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French news agency Agence France Presse reported on May 13: 'The Taliban's top military commander in Afghanistan, Mullah Dadullah, has been killed in fighting in the south. His body was shown to reporters in Kandahar, and Taliban sources confirmed the death, after initial denials. NATO [North Atlantic Treaty Organisation] said Dadullah died in a clash with Afghan and Western forces in Helmand province.
Mullah Dadullah 'will most certainly be replaced in time but the insurgency has received a serious blow', the NATO-led International Security Assistance Force said. ISAF and Afghan troops have been engaged in a major operation in Helmand province since early March. But the Taliban commander was killed in an operation by the separate US-led coalition supported by ISAF.'
This is the second major success of the US-led forces against the Neo Taliban leaders. The first was the killing of Mullah Akhtar Muhammad Osmani, reportedly number 4 in the shura, on December 19, 2006, in an American airstrike in southern Afghanistan.
He was located while he was talking on a satellite telephone with someone in Pakistan. He was the Neo Taliban's important fundraiser from narcotic smugglers and others. He was the commander of Kandahar before 9/11.
Mullah Dadullah Akhund was a member of the 12-member shura of the Neo Taliban, which advises Mullah Mohammad Omar, the amir of the Neo Taliban, on ideological and military matters and one of the Pakistan-based triumvirate, which constitutes the command and control of the Neo Taliban's military operations in Afghanistan.
The other two of the triumvirate are Mullah Obaidullah Akhund, former defence minister in the pre-October 7, 2001 Taliban government in Afghanistan, and Jalaluddin Haqqani.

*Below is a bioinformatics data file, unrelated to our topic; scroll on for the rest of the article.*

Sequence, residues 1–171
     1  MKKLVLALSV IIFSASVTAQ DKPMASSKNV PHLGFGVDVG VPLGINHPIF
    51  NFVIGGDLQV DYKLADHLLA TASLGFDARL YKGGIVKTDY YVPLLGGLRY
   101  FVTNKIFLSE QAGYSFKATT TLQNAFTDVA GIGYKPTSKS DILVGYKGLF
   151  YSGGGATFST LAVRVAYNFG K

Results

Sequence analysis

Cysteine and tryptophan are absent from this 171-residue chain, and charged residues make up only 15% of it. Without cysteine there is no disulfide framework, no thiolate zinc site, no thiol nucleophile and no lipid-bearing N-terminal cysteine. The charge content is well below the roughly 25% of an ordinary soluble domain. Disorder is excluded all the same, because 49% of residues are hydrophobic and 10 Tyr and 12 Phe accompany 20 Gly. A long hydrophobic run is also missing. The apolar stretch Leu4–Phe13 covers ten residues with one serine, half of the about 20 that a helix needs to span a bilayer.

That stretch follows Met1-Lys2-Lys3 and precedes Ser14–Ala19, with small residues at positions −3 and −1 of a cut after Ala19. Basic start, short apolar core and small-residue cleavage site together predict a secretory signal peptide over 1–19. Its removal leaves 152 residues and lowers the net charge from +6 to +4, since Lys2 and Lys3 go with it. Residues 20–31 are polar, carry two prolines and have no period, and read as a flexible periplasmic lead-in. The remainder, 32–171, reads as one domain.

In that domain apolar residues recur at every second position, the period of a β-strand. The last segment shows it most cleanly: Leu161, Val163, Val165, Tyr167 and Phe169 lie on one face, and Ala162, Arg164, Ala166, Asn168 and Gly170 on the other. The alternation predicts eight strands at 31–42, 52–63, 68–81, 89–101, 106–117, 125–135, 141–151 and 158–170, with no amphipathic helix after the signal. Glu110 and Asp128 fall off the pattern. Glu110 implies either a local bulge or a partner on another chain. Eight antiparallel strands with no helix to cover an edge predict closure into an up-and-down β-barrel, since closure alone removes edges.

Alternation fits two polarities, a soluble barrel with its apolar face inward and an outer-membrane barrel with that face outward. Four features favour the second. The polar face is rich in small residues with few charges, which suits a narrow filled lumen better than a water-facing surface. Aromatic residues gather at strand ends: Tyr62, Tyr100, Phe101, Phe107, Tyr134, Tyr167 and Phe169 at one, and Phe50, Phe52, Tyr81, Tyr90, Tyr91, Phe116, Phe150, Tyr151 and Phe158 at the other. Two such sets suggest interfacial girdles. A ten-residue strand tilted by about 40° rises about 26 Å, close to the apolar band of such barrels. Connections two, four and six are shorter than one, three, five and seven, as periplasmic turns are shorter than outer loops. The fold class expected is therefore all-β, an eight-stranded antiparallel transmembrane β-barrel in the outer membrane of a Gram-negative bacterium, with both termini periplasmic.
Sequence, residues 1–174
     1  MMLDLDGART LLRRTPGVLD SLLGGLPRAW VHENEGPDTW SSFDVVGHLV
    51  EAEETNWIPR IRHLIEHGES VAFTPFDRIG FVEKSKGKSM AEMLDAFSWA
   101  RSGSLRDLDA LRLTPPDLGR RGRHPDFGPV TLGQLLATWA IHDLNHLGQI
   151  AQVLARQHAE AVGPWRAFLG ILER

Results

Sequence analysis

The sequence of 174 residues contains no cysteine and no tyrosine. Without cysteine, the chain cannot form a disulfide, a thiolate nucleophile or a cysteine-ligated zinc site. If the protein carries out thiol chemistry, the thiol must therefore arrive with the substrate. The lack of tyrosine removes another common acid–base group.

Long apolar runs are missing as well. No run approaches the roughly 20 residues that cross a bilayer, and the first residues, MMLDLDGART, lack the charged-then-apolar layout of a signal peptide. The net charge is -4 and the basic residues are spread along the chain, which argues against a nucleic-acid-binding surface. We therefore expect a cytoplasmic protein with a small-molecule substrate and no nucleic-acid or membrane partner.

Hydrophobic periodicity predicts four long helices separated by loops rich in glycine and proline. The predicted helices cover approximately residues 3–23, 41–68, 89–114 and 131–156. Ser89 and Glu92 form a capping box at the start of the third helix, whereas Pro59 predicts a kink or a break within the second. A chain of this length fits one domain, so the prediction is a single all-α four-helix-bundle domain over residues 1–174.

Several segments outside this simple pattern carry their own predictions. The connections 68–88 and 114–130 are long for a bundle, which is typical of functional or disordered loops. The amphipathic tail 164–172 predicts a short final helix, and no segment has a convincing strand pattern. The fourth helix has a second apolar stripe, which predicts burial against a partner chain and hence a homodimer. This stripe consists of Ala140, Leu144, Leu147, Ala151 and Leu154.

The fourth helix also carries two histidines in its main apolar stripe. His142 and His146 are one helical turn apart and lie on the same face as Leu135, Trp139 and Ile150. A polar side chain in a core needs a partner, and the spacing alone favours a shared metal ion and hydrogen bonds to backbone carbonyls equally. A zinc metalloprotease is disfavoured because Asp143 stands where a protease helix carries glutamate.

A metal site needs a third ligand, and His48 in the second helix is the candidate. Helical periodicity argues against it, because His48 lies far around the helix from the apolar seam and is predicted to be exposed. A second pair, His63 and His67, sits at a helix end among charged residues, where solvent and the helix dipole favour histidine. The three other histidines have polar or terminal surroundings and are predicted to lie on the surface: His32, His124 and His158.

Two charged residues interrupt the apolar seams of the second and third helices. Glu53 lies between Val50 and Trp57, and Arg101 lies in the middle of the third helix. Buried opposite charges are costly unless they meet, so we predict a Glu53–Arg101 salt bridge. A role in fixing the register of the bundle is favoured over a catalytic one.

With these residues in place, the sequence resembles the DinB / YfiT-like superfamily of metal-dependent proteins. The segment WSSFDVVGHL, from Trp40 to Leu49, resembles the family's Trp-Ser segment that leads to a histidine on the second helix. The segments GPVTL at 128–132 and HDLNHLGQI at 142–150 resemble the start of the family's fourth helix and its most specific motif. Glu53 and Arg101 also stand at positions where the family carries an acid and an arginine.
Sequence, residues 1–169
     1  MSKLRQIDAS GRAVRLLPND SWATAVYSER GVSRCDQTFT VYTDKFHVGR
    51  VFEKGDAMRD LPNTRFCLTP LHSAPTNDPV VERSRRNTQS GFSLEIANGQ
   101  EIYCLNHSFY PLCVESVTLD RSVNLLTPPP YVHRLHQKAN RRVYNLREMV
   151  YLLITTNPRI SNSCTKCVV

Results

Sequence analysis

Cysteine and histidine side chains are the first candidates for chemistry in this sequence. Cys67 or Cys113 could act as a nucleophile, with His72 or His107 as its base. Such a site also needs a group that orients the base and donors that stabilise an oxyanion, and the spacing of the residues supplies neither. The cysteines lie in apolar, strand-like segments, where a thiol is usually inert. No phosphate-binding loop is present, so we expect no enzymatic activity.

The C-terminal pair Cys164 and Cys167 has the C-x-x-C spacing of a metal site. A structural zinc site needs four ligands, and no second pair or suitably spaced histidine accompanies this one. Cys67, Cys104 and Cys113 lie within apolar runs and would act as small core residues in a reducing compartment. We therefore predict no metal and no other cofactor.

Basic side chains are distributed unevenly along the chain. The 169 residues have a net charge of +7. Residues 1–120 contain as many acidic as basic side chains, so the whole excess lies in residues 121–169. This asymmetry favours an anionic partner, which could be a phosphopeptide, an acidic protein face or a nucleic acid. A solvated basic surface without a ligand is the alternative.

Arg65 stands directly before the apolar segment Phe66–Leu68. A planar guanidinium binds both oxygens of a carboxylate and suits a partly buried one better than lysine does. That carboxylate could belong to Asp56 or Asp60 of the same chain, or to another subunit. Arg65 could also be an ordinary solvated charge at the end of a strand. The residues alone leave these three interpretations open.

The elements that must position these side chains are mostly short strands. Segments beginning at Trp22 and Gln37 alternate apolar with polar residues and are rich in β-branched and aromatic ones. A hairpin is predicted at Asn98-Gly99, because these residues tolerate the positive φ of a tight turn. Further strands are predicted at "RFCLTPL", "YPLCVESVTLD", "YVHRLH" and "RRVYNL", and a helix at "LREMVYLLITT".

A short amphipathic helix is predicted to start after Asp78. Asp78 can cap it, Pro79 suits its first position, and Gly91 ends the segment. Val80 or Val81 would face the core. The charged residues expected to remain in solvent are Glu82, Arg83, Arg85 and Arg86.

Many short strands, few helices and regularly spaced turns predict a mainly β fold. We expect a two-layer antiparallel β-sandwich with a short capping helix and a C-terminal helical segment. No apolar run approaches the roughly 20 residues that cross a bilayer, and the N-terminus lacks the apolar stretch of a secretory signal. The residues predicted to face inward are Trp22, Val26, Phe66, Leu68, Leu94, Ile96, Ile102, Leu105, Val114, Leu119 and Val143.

Pakistani sources had claimed on February 26 this year that Obaidullah had been arrested in Quetta. This claim was neither confirmed nor contradicted subsequently. One is, therefore, not yet certain of his fate.
The spring offensive, of which the Neo Taliban has been talking since September last year, has not yet materialised. The Neo Taliban's military operations against NATO forces in southern and eastern Afghanistan after the onset of spring have been as intensive as those of last spring, but they have not been able to deliver any knockout blow to NATO and Afghan forces, as repeatedly threatened by the Neo Taliban.
NATO and the Afghan security forces have thus far been able to withstand effectively the Neo Taliban's repeated attempts to cause a serious dent in their defences. They have even been able to keep the Neo Taliban forces on the run, with sustained harassing raids on their hideouts and launching areas, particularly in the Helmand province.
Dadullah's death, if confirmed, creates a gap in the top command and control of the Neo Taliban. He was a well-motivated and charismatic commander who successfully maintained the morale of the Neo Taliban cadres and kept recruits for suicide missions and conventional fighting flowing in.
His death is definitely a setback -- possibly temporary -- not only to the Neo Taliban, but also to Al Qaeda elements operating from the tribal areas of Pakistan.
He wielded considerable influence among the Pashtuns on both sides of the Pakistan-Afghanistan border.
He not only coordinated the Neo Taliban's operations in southern and eastern Afghanistan -- often personally leading them -- but also the security arrangements for Al Qaeda leaders taking shelter in the tribal areas.
The Neo Taliban should be able to get over this temporary setback. The question is, how soon?
On May 19 last year, the British Broadcasting Corporation had quoted Afghan sources as claiming that Dadullah had been captured. This proved to be wrong. In a paper after the BBC report, I had written an extensive profile of him. You can access it by clicking here:
B Raman is retired additional secretary, Cabinet Secretariat, the government of India, and presently director, Institute for Topical Studies, Chennai. He can be reached at firstname.lastname@example.org
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